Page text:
juliana at networkcultures.org
Mon Jun 14 15:47:31 CEST 2010
I don't believe we can speak of 'christianization of the web', but from a
'westernization'. Basically, the internet was born in the west and it was
only natural for it to represent western views. I do praise diversity, but
that was not my point. The question is, if separating povs - a chinese
encyclopedia, a muslim, a 'western' - that do not communicate with one
another. Will the definitions of reality of each nation be strengthen and
cooperation and understanding among them be weakened?
> Hi Juliana,
> We can also speak of the 'christianization on the web' - but that
> trend does not seem to attract the same media coverage.
> About 'separatism': If 'western' is perceived as representative of the
> world, then, I guess you can call the move away 'separatism'.
> I find it sometimes more productive to look for the differences
> (diversity) within a system or category and the similarities across
> systems or categories.
> On Jun 14, 2010, at 2:39 PM, Juliana Brunello wrote:
>> Islamicfacebook.com, NaqaTube, imhalal.com and now Ilmpedia. These
>> are all
>> Muslim sites based on well known 'western' social sites. Ilmpedia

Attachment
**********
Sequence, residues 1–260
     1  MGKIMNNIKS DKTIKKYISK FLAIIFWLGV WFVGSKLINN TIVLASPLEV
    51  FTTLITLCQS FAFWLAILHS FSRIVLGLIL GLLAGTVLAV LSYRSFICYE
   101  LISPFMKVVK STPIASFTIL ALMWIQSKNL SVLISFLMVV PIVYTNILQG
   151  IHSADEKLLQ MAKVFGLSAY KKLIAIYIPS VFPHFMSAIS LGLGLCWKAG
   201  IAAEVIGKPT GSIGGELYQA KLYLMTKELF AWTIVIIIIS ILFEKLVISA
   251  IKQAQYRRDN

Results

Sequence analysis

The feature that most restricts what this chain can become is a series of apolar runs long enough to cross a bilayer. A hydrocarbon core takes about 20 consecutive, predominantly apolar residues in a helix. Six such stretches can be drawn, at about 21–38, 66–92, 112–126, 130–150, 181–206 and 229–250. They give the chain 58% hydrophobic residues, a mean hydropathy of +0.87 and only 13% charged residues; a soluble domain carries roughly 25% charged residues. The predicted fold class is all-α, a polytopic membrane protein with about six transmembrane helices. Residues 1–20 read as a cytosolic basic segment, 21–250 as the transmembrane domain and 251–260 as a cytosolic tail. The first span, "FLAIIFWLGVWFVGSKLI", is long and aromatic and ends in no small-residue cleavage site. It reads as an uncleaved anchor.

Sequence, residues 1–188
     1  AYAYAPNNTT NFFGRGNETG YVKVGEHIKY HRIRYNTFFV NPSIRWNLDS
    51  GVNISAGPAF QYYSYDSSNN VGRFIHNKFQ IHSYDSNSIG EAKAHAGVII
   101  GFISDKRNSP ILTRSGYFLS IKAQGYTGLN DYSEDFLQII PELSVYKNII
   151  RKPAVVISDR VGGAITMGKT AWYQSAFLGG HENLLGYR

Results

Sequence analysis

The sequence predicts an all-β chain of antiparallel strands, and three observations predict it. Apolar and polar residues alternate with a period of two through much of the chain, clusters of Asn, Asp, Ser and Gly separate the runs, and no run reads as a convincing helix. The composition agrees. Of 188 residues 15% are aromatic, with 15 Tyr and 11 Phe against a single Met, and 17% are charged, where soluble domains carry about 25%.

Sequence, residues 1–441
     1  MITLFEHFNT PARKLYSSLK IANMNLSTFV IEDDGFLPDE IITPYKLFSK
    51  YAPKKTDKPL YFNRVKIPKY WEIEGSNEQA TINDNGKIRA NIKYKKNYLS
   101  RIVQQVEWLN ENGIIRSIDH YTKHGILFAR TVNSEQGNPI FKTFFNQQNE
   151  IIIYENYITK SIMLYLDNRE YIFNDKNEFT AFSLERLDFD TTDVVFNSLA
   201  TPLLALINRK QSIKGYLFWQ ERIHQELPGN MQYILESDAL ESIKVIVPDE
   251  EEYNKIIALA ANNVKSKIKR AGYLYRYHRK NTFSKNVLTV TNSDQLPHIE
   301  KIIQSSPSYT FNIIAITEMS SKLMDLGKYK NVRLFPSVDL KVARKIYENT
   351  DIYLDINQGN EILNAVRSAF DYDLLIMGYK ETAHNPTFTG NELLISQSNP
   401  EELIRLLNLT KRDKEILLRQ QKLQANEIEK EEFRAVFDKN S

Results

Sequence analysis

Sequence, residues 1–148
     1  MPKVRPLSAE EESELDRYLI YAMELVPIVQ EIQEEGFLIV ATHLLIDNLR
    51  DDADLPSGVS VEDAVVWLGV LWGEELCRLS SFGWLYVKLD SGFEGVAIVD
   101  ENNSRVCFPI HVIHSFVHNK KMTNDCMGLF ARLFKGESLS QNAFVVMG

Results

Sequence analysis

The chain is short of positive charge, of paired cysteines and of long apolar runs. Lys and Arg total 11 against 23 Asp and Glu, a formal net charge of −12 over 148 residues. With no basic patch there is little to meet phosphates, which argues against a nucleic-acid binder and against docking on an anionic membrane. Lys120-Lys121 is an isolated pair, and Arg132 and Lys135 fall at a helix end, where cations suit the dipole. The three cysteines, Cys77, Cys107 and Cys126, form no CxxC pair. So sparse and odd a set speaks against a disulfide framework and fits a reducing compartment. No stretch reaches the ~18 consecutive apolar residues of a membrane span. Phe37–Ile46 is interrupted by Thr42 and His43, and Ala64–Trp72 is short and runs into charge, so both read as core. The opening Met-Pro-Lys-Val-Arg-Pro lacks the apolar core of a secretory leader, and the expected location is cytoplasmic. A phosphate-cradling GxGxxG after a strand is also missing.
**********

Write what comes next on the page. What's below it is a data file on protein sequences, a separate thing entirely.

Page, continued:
>> will be
>> an encyclopedia based mostly on Islamic sources. The article linked
>> states that "websites like these are part of a growing trend of
>> Islamisation on the web". I ask myself, what the consequences of this
>> separatism from the 'western' websites are going to be. Will we have
>> information sources with different povs, so that we will be able to
>> our own opinions in a more balanced way; or will we have the
>> opposite, one
>> stream fighting the other and strengthening biased povs even more? I
>> for the first, but I am not all too positive about it.
>> Institute of Network Cultures
>> HvA Interactive Media
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>> f: +31 (0)20 595 18 40
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